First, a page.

Thursday, 12 December 2013

Jerusalem kugel

Hanukkah might be over, but luckily there are festivities in Jewish calendar all year round. And food plays a very central part in these. During Hanukkah food, like latkes, is fried in oil. During Shavuot food is traditionally dairy, so cheesecakes and blintzes are popular. Purim calls for triangle-shaped hamentaschen-biscuits and on Simchat Torah stuffed cabbage, reminiscent of the Torah scroll, are eaten. And then there's the weekly Shabbat.

Today you'll be introduced to kugel, traditionally served as a side dish during Shabbat and holidays. Kugel is sort of a generic name for all sorts of casseroles. Though the Yiddish word actually refers to something round. Kugels can be made with noodles (beat that rhyming, Kanye!) or with vegetables such as potatos and the ingredients vary according to what kind of food they're served with. See, according to kashrut (rules about what is kosher) dishes that contain dairy products cannot be served with meat. The ingredients  in kugels tend to be simple and affordable (they needed to feed large families, after all!) and they are classics for a reason. 

Kugels are served both cold and hot. Since Shabbat is a day for rest and enjoying the company of your nearest and dearest, no work is permitted  and along with that, no cooking. So the food is prepared in advance and the traditional Shabbat dishes, like kugels, tend to be casseroles that have slow-cooked overnight. 

For the first-timer kugel might feel like an odd experience as some of them can be  very sweet. (some recipes call for more than 3 dl of sugar!). One of the most original ones is Jerusalem kugel, brought to the Holy City it was named after in the 18th century by Hasidic Jews of Eastern European origin. This kugel is a peculiar mix of sweet and peppery and dense and crunchy. It is also parve, which means it has no dairy or meat in it, so it can be served with any food.

Should you ever find yourself in Jerusalem (that's Jerusalem, Israel, not, say, Jerusalem, New York) on Friday evening, I highly recommend a trip to the Old City and the Western Wall. There (by latest - he tends to keep popping up during the week too when you least expect it) you're bound to bump into a man wearing a cowboy-hat and snakeskin boots, busy organizing visitors in lengthy queues to make sure everyone has a dinner to go to. Many local families extend their hospitality to total strangers, opening their homes and dinner tables so no-one would find themselves alone on Shabbat. And which ever queue and dinner table you'll end up in - you're guaranteed a piece of this!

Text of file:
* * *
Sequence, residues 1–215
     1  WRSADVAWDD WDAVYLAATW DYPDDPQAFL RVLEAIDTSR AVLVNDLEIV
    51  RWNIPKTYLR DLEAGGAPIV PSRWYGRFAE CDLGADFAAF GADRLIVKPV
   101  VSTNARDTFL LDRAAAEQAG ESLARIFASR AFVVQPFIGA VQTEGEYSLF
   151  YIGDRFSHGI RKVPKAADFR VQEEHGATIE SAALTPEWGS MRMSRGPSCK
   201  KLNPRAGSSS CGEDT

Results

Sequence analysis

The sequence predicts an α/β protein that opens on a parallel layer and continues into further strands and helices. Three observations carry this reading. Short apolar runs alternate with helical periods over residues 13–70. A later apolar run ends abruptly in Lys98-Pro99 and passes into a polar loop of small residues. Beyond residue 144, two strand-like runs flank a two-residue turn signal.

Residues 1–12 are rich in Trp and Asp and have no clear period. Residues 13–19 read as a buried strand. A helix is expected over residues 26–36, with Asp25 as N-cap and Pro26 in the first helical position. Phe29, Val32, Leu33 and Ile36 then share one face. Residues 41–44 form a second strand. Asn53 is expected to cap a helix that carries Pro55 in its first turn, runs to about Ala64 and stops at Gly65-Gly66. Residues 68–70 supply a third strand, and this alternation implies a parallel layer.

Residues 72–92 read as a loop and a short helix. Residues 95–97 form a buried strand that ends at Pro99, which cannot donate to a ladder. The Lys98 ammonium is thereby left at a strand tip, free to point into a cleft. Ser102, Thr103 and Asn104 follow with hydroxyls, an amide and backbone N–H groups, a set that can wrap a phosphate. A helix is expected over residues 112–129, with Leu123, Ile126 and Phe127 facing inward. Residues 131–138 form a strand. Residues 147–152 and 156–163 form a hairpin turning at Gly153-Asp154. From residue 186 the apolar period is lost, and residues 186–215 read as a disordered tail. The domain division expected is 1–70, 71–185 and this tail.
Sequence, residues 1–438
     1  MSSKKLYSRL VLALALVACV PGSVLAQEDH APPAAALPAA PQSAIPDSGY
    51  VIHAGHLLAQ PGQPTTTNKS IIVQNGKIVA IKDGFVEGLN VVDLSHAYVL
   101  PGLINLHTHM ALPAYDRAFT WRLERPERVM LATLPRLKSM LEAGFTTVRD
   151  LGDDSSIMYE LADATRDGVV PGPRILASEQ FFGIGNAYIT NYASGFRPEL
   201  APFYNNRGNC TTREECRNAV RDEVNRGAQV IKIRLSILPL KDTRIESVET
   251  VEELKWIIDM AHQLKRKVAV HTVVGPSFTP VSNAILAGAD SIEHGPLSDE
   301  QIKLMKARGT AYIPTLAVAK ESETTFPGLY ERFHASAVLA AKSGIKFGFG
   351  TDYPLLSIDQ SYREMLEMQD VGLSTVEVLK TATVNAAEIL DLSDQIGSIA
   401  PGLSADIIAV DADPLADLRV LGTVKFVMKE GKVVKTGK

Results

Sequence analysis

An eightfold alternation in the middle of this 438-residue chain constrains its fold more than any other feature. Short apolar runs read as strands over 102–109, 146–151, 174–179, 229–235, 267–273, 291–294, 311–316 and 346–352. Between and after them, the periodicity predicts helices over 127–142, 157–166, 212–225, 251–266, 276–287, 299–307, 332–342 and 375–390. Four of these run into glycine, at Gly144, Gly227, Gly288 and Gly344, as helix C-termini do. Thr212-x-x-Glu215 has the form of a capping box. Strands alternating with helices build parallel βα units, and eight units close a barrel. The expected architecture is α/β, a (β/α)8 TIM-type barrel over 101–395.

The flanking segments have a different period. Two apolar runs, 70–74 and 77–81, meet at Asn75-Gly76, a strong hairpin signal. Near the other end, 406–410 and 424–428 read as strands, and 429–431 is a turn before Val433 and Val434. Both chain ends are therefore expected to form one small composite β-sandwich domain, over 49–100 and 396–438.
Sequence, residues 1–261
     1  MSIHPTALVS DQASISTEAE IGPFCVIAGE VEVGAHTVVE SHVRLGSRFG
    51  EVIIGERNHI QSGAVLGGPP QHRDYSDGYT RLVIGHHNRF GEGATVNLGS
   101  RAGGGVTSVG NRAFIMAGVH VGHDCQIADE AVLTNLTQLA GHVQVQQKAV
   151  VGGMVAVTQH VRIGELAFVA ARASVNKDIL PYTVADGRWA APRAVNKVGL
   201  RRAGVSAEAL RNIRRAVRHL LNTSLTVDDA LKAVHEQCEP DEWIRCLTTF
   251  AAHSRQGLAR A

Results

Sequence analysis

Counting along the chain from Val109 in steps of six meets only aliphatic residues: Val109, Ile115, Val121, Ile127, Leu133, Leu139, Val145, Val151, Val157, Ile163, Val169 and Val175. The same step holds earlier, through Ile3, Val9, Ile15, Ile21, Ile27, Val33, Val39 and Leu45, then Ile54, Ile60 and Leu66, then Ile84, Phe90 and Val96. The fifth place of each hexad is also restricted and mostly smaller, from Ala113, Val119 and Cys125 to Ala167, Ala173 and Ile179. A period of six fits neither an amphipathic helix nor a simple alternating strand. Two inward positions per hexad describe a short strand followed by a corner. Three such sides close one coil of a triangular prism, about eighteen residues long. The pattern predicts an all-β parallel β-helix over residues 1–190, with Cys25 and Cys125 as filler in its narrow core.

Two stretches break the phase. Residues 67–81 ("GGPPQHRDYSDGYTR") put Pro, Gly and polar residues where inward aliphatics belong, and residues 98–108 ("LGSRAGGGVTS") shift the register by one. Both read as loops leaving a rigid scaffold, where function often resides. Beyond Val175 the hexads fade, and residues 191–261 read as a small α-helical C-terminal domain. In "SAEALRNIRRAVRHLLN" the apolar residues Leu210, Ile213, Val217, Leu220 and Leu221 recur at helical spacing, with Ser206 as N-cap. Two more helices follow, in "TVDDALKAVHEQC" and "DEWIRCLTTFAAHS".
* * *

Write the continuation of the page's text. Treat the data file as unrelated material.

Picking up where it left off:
Serves 8-10 as a side dish

500 g thin egg noodles
2 dl sugar
1,25 dl oil
5 eggs (4 if they're large ones)
1-2  rkl black pepper (mine was cracked, less if you're using finely ground)
largeish pinch of nutmeg (or cinnamon)
(3/4 dl raisins)

Pre-heat the oven to 175.

Cook the noodles according to the instructions on the package and drain. Measure oil and sugar into a pot and let melt over moderate heat. Stir occasionally. Once the sugar starts forming clusters, start stirring continuously and don't turn your attention to anything else (and I mean anything - even naked George Clooney lounging on your sofa. Though... if that were actually true, you probably wouldn't be busy perfecting kugel, would you?). As the sugar gets hotter it will start melting and changes colour. Do note however that at no point will oil and sugar fully mix. Once sugar has reached deep amber colour, remove the pan from the heat and stir into the noodles (careful - the mixture is hhhhot!) Mix evenly. Let cool a  bit before adding the eggs so they won't scramble.

Beat the eggs, season with 1-2 tsp salt and 1-2 tbsp black pepper. Add into the noodles and makes sure the noodles are evenly coated. Check for seasoning and add more salt sugar or pepper as needed. If you're an follower of the raising school of thought add them into the mix now too.

Oil the dish you're using (mine measured 19 cm x 27 cm) and pour the mixture into the dish. Smooth the surface and bake for 1,5-2 hours until kugel has a lovely, dark colour and a nice crunchy top.

Serve wither hot or cold. With or... with pickled veg. 




No comments :

Post a Comment